What is the most positive reaction you have gotten from this book?

I love when people gasp or get excited when they see the page of someone they love in We Are Inspiring. When this happens, I clutch my heart because this is so validating (and I’m pretty dramatic). There was also this random dad who saw me telling someone about the book at my favorite Korean restaurant in San Jose (shout-out to Danbi Korean Restaurant), and he got so excited about it that he advocated for my book to be stocked at his local library. 


Who are some Asian women you look up to?

My mom. She grew up in a small town in the Philippines and got into the top law school, Ateneo de Manila University. At Ateneo, she was surrounded by children from rich families who dressed to the nine while she wore the same two dresses on a rotation because she had to save money for rent and transportation. After graduating from law school at the top of her class and reaching her dream of becoming an attorney, she treated herself by splurging on all the designer clothes and Filipino food she wanted. She is my #goals. Helen Zia. I dedicated two pages to her story in We Are Inspiring. Her book Asian American Dreams (2000) was the first Asian American history book I ever read and it undoubtedly changed my life. I have been lucky to see her speak in person twice, both as an undergraduate student at Colgate University when the club I was a part of, the Organization of Asian Sisters in Solidarity, invited her to speak on campus, and as a graduate student at UCLA when she visited Professor Lily Welty-Tamai’s Asian American Women class. I make so much fanart about her she probably thinks I’m creepy *wide-eyed blushing emoji.*My main graphic novel and comic book role models are Thi Bui, Malaka Gharib, Mariko Tamaki, Debbie Tung, and Jane Mai. I also am so inspired by fellow San Jose native and Filipina American, Genevieve Santos; I have SO many of her adorable stickers. And of course, I look up to the amazing Katie Quan who has such a smart and inspiring comic series (@thisasianamericanlife) and who heavily influenced my path toward Asian American Studies back in 2017. But this is just to name a few! If I had to name all of the Asian artists, scholars, friends, and family I look up to, we’d be here for the next ten years.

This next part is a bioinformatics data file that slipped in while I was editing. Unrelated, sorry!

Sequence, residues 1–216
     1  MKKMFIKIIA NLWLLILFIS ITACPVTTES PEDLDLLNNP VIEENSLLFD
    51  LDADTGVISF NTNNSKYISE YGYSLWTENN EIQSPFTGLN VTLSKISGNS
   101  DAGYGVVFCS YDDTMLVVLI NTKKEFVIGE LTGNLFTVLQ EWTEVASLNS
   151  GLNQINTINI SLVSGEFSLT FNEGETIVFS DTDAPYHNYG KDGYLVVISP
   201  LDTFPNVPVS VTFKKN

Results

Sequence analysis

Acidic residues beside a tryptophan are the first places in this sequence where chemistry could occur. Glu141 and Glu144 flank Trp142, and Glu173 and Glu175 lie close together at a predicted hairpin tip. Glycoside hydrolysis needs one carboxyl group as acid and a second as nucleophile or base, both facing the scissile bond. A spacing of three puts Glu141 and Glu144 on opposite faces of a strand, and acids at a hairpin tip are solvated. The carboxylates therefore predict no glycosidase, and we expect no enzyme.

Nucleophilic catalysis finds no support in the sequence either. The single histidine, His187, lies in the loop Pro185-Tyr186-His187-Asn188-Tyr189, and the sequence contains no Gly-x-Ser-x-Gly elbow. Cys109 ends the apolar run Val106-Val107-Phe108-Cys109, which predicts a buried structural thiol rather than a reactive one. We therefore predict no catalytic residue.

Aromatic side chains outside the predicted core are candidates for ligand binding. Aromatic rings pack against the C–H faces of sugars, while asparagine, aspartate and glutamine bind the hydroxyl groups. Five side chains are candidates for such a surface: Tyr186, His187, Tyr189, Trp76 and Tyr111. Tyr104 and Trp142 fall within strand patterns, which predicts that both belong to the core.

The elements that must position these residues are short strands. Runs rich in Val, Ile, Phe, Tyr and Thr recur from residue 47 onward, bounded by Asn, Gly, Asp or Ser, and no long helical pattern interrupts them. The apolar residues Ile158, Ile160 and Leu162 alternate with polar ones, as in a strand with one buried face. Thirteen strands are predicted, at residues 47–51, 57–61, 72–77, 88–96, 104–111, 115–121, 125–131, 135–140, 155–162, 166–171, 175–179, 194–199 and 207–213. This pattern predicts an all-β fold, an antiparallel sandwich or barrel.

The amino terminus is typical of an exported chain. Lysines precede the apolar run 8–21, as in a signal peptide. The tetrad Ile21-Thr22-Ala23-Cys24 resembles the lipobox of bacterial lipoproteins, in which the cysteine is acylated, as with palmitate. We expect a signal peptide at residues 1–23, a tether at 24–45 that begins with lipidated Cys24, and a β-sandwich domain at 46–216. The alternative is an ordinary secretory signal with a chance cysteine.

What is something you hope to see this magazine accomplish?

I hope that the stories in Overachiever Magazine continue to reach Asian women and femmes around the world and help those in our community, and honestly, any person who can relate, feel validated and seen. I appreciate the content OM creates and curates by and for Asian women and am excited to add one more story to the collection.